The Search for Clues in Picking the Perfect Author Photo
I could use your help. I’m on a quest for the perfect author photo for my mystery series. There’s got to be some clues, right? This is a mystery after all—or at least, mystery-adjacent. With so many photos of interest to investigate, I could really use an assist. Working together, we might just be able to find the right mug shot for a fledging whodunit writer.
All those responding to the request for feedback will be entered into a drawing for one of five signed copies of All that Glisters when it releases later this year. Details at the end of this post.
But first, let’s get into the case brief. As Sgt. Joe Friday says in the Dragnet series, “Just the facts, ma’am.”
Fact One: Readers judge a book by the author’s cover photo.
Fact Two: The best author photos send the right signal.
Fact Three: Photographers do magic with light.
We can’t help it. We judge. It’s a survival strategy. It’s in our DNA.
Through our superior ability to assess threats and size up opportunities, we have—so far—avoided the fate of dinosaurs. We can read someone’s social standing from posture, wardrobe, and facial gestures. We’re good with visual cues.
When a potential reader picks up our book while browsing or peruses the product link to an online bookstore, the cover image and the title will pique curiosity. The blurb will give them an idea of what the story’s about. But it’s the author photo that gives insight into the question at the back of every book shopper’s mind:
Who wrote this?
What’s their story?
And do they have the “cred” to pull it off?
Yep. That’s what we’re up against. Snap judgments based on nothing more than a snapshot.
Which brings us to Fact Two. Author photos are literally an “expression”—an expression fraught with meaning. They can’t help but send a signal. And if it’s the “perfect” author photo, a “perfect” signal. What might that be?
Messaging Done Right
Perfect signaling helps those you’re trying to reach, discover you. Effective author photos signal what kind of books you write. Specifically the genre, tone, and style. It gives potential readers a peek into your creative psyche and the “mind candy” to expect from your prose. In the parlance of marketing, it’s how your brand speaks. It’s how you communicate your brand promise (Technical term: value proposition).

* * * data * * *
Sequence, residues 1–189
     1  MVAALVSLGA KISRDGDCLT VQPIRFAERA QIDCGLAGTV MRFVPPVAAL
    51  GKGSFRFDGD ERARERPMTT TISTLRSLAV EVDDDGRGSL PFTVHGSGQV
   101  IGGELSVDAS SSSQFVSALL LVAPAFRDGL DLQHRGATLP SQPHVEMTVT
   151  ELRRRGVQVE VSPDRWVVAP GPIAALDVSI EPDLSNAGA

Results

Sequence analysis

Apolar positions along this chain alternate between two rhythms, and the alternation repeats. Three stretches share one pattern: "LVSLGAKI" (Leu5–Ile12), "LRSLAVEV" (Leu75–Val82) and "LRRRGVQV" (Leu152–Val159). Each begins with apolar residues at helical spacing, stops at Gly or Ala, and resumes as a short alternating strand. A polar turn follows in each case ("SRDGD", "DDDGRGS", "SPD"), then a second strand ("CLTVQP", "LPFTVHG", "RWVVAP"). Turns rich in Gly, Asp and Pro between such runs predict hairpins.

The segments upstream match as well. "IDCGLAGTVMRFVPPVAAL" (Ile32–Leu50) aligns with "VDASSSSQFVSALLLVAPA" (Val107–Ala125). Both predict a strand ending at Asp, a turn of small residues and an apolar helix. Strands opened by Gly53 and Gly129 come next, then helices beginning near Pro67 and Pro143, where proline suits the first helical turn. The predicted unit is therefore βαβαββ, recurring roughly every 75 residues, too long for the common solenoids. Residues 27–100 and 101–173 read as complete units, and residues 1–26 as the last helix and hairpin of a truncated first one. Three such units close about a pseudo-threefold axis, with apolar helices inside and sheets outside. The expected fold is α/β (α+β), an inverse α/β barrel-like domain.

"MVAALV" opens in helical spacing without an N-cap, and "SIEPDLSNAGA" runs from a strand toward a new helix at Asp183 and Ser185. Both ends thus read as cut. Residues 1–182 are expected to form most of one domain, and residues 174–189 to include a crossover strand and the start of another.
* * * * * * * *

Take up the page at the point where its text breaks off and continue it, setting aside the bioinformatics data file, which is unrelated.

So, what’s my brand?
Good question. Especially, because when I contacted my photographer to see if she had any openings, she asked: “What image are you trying to convey? When you know that, text me.”
I put on my thinking cap, scratch out a few notes, revise, and then revise some more before firing off the following message:
—I need my author photo to inform potential readers about the genre, tone, and style of my writing while creating intrigue. Here are the details.
Genre: Mystery with a dash of romance and plenty of action.
Book Series Tone: Amateur sleuthing by a relentless everyman/everywoman duo bent on getting justice even if it means coloring outside the lines. The characters watch their language, and the criminals are educated, but sometimes the morally repugnant do nasty things. Hope abounds, with no place for noir-style dread. Order will be restored. That’s a promise.
Writing Style: Conversational tone with a sense of humor. This is a breezy read.—
My photographer texts back—When can we meet?—
Like many of you, I’ve taken a photography class or two. I learned to use a light meter and to set f-stops. But capturing the magic? That requires an artist. A real pro. Fortunately, my photographer had room for me in her shooting schedule. We set up a pre-shoot meeting to review the goal of the photo session.
In the meetup, we talk about what to wear. Do I need a haircut? Should my wife join us as an extra pair of eyes? My photographer even has some ideas for location shots. But before all that, before the day of the shoot, she wants some reference samples. Photos I feel capture the genre, tone, and style of what I’m going for in an author selfie.